Why had Kumar not followed me out? Apparently, the lad was scared. It was certainly out of his range of experience.

‘I am never drinking,’ he said.

Sunday 18 August 2013

Lady O had no inclination to travel to Wandsworth to see ABOUT TIME, so I went with Kumar, who did not want to see it either but was happy watching KICK ASS 2 for a second time at the Cineworld cinema.

Watching ABOUT TIME was like being suffocated by sentimentality. It is like a feature-length John Lewis commercial, you know, the one where a couple meet, get married, fill a house, have a baby, watch their child grow up and get married all within the space of ninety seconds, with plenty of product placement but no price tags. Life goes on but John Lewis is eternal, the ad says. ‘Arggh!’ you say.

We travel back by bus to Vauxhall, then to Parliament Square where we get off the bus and walk. Whitehall is closed for some military rehearsal – very tedious. Eventually, I see Kumar off on a 91 bus and I go to an office in central London to do some proof reading for a magazine. Besides a gentleman who prints off the copy, only one other chap is there. We read all manner of left-wing slanted articles which are missing commas and require re-writes that we lack the machinery (laptops) to carry out. We only proof-read less than half the magazine before the pages cease and we are sent home. The ‘print man’, J buys some coffee from Ecco, which is highly recommended.

In the evening, Lady O and I watch the final episode of SOUTHCLIFFE, a four part drama about the aftermath of a shooting spree. It is written by Tony Grisoni, who is known to a gardener acquaintance of mine, and directed by Sean Durkin, who helmed MARTHA MARCY MAY MARLENE, or, as I call it, Mmmm! The episode is anti-climactic. No one else is killed. No one is saved. The killing does not teach people anything or ‘enable’ them to do transcendent works. This is the point.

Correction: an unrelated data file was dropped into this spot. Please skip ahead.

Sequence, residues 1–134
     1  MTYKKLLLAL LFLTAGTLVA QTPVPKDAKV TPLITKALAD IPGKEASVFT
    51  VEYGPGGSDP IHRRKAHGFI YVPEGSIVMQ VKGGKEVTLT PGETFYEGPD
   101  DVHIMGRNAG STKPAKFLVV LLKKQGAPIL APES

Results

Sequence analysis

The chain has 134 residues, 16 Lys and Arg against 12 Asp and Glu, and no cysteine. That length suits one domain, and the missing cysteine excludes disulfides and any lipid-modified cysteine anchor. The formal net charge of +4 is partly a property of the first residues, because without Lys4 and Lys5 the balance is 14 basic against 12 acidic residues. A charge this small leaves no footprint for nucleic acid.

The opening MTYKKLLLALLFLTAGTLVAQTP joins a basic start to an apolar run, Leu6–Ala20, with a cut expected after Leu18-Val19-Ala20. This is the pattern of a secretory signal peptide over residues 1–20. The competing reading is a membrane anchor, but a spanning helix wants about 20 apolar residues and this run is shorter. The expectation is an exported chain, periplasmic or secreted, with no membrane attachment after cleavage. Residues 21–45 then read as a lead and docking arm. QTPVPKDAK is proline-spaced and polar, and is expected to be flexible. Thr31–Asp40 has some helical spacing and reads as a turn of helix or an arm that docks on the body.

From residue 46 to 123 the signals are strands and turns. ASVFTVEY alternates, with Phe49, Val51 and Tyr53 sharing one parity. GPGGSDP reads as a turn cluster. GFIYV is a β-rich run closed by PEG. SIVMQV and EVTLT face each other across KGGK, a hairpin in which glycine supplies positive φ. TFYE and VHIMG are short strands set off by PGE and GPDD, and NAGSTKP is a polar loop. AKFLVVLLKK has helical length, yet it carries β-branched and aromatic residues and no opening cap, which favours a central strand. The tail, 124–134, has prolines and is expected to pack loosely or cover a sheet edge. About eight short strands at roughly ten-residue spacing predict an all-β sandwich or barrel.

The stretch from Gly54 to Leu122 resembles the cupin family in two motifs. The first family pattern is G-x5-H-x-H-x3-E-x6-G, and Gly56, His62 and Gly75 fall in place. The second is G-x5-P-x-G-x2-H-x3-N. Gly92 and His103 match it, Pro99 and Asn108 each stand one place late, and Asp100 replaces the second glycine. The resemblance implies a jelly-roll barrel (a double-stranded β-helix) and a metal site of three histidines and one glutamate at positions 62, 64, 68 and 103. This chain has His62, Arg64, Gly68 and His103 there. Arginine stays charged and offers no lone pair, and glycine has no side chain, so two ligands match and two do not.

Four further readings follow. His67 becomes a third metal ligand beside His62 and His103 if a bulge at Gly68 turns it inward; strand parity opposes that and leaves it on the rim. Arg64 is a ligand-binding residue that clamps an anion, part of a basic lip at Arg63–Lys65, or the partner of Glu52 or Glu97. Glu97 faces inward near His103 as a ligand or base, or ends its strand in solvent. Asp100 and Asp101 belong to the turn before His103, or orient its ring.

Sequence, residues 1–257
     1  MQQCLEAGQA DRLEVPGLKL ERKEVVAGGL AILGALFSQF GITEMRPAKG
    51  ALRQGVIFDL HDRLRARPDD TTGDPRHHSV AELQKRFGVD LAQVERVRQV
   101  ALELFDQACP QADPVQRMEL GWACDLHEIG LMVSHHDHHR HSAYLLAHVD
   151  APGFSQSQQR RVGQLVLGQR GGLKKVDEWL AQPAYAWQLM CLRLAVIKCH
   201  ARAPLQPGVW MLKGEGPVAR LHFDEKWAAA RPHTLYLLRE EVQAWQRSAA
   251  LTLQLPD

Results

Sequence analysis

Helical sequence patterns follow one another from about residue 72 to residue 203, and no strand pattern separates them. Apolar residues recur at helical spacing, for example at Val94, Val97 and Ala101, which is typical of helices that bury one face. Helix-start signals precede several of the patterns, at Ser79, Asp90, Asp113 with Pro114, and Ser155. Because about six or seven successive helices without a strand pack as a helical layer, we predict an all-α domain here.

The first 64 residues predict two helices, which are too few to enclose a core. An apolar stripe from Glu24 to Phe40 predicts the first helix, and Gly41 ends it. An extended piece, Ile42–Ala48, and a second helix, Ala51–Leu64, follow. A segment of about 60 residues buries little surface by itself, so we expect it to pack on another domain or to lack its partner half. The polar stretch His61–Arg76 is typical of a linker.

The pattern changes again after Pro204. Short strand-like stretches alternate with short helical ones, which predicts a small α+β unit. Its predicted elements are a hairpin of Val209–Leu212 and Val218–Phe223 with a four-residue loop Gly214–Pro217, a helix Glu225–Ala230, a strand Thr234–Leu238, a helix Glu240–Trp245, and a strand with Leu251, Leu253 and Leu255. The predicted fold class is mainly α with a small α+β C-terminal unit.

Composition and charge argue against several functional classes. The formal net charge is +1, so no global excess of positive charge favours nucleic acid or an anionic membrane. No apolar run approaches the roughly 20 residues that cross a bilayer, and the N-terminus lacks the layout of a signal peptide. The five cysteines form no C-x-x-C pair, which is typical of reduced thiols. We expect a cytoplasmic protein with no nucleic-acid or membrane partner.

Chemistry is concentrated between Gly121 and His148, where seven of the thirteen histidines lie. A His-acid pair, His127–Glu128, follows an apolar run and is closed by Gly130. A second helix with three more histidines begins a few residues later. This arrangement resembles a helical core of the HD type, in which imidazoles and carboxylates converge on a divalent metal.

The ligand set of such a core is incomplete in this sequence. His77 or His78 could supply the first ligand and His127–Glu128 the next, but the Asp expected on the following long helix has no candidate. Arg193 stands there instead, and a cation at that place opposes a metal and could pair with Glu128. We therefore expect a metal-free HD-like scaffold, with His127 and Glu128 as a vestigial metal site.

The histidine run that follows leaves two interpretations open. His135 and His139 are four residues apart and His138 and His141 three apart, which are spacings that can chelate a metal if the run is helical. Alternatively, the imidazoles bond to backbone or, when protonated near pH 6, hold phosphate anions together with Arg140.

Monday 19 August 2013

It is the second day of Kumar’s Future Film Workshop and preparation is underway for shooting the Zombie trailer. Kumar would be co-directing and is very excited to be tutored by Marc Price.  I listen to a negative review of ELYSIUM on Front Row. Second rate sci-fi with ideas used in other movies, but a good performance from Sharlto Copley, is the verdict.

Tuesday 20 August 2013

Kumar learns the most important lesson he can about directing: it’s exhausting! Some twenty eleven year olds are allocated between four groups – Kumar’s group has six. Whilst one director shoots the tunnel footage, Kumar works with Marc Price to choreograph fight scenes shot with long lenses (so you can fake ‘impact’ in body blows). Kumar finds this tremendous fun. He likes Marc’s enthusiastic way of working with the kids, which contrasts with Rob Savage’s businesslike approach. But he is, as we Brits say, cream crackered. The trailer is not complete. (Now there’s a surprise.) Some additional shooting is required the next day.

Wednesday 21 August 2013

As the additional footage is shot, Kumar spends most of his day in the editing room. It is pretty much done. It requires completion by the official editor. Kumar’s labour makes him late for our evening repast in the House of Pizza (where I get a 25% discount with my Unlimited Card, thanks very much). Lady O and I ordered his favourite pizza (barbecue meat feast) and a sprite which greets him when he arrives puffing and panting at 17:30.